Sony's new portable video game system, the Portable PlayStation (PSP), is a stunning achievement, offering a console-quality video game experience and a stunning DVD-quality movie presentation. But the PSP's potential extends much further—these devices are ready to take on Portable Media Centers (and other portable digital movie players), MP3 players, and even PDAs. For these features to really take off, however, the PSP really needs better desktop tools. For the short term, we're stuck with the bogus tools that Sony provides, as well as a growing library of third-party applications, many of which are free or cheap. This week, I take a look at some of the ways you can watch videos on your PSP.
Before you begin, you're going to need a beefier Memory Stick Duo card than the 32MB stick that Sony supplies with the PSP. If you're serious about watching video, you're probably going to want a 1GB stick, which can be difficult to find inexpensively these days. You'll also likely need a Memory Stick Duo Adapter, which lets you use a Memory Stick Duo card in more common standard Memory Stick readers. I use such an adapter to interface the PSP's Memory Stick Duo cards with the 9-in-1 media reader on the front of my PC (which natively accepts standard Memory Stick cards).
Memory Stick cards must be specially set up to work properly with the PSP. For example, you must create folders named MUSIC and PHOTO under the root-level folder PSP to store music and picture files, respectively. You might think, then, that you'd store video files in a folder called VIDEO or MOVIES. However, that's not the case. Inexplicably, Sony makes you jump through hoops before you can watch Memory Stick-based movies on your PSP.
First, you must create a folder called MP_ROOT in the root of the Memory Stick (next to PSP). Inside that folder, you must create a folder called 100MNV01. Then, inside that folder, you can store only a very specific kind of video file (768Kbps or lower MPEG-4 with a resolution of 480 x 720 or lower). And those video files must be specially named. The first video file should be named M4V00001.mp4, followed by other video files with sequential names (M4V00002.mp4, M4V00003.mp4and so on). But wait, there's more: If you want the PSP to display a thumbnail of the videos in its menu system, you must also supply thumbnail files. These files will follow the same naming conventions of the actual video files. So the first one will be named M4V00001.thm. Good PSP tools create these files for you.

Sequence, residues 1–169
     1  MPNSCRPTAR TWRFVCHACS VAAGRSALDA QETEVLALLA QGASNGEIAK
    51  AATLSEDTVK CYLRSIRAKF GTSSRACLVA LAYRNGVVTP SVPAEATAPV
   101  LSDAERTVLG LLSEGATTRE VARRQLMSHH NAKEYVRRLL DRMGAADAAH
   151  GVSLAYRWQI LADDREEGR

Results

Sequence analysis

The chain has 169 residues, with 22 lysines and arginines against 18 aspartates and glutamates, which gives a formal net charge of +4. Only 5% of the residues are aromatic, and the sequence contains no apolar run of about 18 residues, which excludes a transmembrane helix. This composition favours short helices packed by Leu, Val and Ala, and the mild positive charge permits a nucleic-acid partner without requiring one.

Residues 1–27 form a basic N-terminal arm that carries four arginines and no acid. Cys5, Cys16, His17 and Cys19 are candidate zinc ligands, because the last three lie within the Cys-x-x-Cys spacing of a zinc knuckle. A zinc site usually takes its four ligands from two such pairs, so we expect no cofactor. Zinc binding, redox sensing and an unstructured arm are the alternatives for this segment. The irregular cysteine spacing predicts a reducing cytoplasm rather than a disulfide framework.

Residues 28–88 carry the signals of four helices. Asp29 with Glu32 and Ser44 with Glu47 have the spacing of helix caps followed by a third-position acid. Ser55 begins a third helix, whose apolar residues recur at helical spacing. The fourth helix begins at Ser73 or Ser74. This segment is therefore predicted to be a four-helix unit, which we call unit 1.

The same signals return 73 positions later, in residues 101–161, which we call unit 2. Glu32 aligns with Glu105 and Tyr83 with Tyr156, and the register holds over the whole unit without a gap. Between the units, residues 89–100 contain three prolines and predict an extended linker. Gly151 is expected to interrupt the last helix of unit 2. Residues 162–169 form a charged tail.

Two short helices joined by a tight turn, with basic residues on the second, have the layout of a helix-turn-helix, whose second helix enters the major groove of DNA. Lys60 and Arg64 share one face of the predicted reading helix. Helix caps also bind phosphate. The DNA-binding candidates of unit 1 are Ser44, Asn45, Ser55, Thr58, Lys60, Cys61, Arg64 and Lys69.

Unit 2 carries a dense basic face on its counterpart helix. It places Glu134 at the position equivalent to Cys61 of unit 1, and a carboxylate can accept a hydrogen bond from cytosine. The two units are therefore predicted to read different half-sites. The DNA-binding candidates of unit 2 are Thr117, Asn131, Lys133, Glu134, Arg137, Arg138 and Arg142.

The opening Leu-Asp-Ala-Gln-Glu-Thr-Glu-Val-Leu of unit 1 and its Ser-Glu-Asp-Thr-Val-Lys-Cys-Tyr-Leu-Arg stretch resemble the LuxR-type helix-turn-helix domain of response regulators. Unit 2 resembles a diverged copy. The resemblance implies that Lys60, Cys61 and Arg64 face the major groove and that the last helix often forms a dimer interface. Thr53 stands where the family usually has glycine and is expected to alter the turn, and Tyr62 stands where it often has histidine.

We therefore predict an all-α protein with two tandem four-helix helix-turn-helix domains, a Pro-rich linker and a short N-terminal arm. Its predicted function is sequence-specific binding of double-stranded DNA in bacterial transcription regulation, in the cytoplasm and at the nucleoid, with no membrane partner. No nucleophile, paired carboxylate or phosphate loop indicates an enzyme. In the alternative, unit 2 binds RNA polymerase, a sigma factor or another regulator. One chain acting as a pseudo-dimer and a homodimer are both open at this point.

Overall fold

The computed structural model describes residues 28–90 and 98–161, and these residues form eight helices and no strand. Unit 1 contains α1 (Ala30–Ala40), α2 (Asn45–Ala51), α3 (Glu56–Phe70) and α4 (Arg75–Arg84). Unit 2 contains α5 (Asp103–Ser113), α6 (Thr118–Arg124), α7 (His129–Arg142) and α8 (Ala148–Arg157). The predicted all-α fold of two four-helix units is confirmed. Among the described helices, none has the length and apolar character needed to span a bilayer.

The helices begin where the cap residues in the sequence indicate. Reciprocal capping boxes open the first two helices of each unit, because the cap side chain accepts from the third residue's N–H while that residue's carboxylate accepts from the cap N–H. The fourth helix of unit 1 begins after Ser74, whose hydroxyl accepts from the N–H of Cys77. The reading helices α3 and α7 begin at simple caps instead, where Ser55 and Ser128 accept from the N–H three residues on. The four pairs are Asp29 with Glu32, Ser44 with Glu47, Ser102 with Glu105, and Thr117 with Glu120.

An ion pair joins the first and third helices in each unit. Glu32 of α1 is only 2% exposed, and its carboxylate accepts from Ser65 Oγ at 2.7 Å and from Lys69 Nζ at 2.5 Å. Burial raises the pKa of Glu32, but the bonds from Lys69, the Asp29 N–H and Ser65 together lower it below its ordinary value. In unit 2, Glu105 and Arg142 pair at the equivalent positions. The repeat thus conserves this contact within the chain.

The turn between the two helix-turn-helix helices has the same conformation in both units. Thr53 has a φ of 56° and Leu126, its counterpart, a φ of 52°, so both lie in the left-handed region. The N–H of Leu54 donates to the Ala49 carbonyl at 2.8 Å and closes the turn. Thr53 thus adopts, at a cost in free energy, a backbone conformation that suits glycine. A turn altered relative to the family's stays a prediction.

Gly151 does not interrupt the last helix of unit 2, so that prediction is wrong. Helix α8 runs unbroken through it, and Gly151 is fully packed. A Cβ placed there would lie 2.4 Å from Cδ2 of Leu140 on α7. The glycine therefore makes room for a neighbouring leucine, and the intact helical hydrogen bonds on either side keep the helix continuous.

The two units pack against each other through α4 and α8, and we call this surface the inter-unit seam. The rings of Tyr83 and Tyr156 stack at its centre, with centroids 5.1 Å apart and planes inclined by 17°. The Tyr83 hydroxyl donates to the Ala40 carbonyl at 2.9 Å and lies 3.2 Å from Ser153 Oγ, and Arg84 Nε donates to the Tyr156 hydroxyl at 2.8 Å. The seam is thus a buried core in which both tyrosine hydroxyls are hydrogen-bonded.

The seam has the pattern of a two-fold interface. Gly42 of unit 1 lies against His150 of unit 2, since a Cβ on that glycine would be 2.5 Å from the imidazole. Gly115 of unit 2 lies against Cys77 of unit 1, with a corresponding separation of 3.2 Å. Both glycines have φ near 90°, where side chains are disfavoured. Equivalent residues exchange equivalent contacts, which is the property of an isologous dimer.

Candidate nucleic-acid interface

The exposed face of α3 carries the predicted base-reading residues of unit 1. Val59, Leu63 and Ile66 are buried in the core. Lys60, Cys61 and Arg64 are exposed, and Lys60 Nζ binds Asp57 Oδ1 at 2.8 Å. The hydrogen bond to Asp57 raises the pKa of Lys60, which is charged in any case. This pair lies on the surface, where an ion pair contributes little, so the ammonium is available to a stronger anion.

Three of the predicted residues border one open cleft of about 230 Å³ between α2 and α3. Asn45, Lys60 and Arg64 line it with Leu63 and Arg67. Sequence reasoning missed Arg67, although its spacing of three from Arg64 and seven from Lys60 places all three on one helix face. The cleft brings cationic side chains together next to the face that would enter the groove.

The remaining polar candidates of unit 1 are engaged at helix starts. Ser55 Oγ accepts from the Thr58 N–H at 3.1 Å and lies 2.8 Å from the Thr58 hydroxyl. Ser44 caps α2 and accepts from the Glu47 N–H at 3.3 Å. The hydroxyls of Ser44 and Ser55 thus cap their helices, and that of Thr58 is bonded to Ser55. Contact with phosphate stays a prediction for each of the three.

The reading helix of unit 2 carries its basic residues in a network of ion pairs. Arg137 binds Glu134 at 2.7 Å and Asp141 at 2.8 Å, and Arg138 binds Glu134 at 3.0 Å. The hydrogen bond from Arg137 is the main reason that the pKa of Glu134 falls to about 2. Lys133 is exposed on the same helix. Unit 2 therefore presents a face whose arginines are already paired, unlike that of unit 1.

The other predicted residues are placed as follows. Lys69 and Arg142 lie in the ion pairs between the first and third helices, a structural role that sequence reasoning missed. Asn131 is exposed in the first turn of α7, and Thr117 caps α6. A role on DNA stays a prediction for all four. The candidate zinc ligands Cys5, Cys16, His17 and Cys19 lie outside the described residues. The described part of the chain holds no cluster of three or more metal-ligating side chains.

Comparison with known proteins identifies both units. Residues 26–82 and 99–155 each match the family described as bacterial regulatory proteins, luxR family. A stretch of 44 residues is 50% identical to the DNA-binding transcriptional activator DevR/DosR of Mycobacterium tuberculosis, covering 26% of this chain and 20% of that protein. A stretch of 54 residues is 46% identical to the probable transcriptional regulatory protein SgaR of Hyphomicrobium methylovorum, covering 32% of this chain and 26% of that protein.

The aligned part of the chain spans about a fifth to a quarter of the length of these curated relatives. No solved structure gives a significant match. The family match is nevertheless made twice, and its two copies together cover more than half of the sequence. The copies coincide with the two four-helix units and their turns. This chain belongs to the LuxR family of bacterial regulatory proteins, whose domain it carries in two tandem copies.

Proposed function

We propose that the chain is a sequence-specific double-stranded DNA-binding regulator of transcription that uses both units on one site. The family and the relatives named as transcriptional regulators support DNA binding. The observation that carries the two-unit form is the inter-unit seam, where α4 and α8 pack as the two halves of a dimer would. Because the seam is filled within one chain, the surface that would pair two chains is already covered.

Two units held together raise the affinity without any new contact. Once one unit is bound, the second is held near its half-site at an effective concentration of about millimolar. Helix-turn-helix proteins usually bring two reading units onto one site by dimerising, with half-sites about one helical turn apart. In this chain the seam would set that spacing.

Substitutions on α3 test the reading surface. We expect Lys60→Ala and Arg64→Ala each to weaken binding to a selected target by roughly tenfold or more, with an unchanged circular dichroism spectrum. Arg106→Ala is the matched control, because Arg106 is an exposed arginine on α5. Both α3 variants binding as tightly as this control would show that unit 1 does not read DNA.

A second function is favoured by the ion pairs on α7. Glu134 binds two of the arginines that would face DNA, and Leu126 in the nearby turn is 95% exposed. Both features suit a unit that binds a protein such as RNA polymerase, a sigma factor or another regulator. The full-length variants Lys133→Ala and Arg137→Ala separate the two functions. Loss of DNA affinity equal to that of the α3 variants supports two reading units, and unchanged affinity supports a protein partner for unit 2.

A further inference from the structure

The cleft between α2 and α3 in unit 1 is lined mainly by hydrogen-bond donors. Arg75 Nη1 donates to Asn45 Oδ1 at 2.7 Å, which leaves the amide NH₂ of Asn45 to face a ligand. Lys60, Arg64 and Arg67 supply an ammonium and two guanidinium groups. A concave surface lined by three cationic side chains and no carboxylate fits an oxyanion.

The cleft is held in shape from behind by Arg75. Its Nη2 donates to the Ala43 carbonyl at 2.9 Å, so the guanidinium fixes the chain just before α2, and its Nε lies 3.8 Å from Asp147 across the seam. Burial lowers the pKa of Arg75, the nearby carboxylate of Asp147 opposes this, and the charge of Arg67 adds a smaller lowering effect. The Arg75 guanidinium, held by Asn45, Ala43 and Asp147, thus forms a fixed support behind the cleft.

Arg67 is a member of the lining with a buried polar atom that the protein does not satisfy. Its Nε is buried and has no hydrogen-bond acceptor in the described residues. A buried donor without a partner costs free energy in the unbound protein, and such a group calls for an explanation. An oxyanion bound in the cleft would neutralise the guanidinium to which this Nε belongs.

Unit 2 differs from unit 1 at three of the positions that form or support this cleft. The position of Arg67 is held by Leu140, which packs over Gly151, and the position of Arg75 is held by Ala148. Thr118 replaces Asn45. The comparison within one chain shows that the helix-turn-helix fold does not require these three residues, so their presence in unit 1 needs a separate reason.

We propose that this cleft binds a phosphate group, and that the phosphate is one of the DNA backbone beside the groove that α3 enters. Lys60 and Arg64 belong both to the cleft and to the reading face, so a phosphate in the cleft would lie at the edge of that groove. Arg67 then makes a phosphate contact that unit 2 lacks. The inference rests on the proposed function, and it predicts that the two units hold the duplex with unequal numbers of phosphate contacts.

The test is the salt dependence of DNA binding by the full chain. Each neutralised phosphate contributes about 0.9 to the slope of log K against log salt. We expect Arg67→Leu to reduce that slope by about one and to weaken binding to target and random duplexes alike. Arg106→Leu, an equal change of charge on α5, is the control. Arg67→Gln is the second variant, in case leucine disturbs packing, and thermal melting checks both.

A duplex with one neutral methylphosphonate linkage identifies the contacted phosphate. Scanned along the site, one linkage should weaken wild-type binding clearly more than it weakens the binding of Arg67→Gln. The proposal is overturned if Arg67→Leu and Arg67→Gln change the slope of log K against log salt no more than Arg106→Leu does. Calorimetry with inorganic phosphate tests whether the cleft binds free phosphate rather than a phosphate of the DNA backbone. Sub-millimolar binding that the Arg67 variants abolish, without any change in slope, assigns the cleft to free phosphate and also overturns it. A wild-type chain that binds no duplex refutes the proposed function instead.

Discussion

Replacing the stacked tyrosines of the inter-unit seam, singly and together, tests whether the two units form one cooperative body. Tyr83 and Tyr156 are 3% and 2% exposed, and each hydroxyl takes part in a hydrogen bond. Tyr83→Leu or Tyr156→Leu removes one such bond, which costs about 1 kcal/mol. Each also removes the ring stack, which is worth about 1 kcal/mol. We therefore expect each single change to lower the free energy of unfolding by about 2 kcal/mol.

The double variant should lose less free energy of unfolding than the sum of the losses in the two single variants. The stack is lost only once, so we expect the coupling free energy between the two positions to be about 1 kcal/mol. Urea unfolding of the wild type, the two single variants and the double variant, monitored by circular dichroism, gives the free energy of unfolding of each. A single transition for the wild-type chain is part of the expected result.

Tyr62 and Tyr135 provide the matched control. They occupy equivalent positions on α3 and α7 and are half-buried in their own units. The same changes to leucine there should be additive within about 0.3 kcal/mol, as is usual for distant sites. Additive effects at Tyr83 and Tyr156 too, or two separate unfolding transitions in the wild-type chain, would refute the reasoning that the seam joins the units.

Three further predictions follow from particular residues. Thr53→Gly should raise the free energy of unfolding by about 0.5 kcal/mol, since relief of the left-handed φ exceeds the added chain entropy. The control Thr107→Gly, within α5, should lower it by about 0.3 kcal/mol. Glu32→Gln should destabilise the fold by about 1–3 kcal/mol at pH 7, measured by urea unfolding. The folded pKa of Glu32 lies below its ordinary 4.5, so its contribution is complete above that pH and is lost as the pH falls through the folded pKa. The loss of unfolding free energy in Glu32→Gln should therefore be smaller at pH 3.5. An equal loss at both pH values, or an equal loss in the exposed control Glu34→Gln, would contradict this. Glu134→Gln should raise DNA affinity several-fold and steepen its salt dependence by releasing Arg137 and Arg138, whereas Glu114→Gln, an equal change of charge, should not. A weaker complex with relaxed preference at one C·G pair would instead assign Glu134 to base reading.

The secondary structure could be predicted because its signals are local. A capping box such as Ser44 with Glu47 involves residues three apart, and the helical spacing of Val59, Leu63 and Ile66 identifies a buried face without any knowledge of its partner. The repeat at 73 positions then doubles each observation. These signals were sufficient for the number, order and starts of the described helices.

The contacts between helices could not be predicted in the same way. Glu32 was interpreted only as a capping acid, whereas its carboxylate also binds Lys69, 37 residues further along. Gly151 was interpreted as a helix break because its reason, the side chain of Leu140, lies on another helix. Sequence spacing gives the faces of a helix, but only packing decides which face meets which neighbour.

Make It Happen on the PC
Confused? Let's see how it works. On the PC, I've tried a few tools to convert movies into the MPEG-4 format that the PSP requires. My favorite is PSP Video 9. This handy free tool converts various video formats to MPEG-4, then copies them to the PSP.
You must manually create the proper directory structure on the PSP first, however, and then configure PSP Video. I used 512Kbps 320 x 240 movies with 96Kbps sound, which takes up about 4MB of space per minute. And I tested MPEG-2, Windows Media Video (WMV), and QuickTime MOV files. The process seems to work just fine, and the content I've converted runs the gamut from home movies to movie previews to recorded TV shows.
Mac Works, Too
On the Macintosh, I've been using a fantastic tool called PSPWare, which will also soon be ported to Windows. PSPWare lets you synchronize music, photos, videos, and other information (including saved game backups) between your OS X-based Mac and the PSP. The video feature is particularly well done: You simply configure PSPWare to convert videos to the desired format (typically 320 x 240, but it supports a widescreen mode too) and quality level, and PSPWare does all the work behind the scenes—including the video conversion.
PSPWare is particularly nice because of the wide range of functionality it provides, but it also handles the messy job of creating and maintaining the properly formatted folder and file structures that the PSP requires. I can't wait to see the PC version. PSPWare costs $15 and is well worth the money.
Better Tools, Better Sync
One concern I have about both these tools is their audio/video synchronization. I haven't quite figured out the exact problem, but higher-quality, non-MPEG video files that need to be transcoded down quite a bit to match the PSP's capabilities seem to be the worst culprits. I'll keep testing these and newer tools, and see how this market progresses.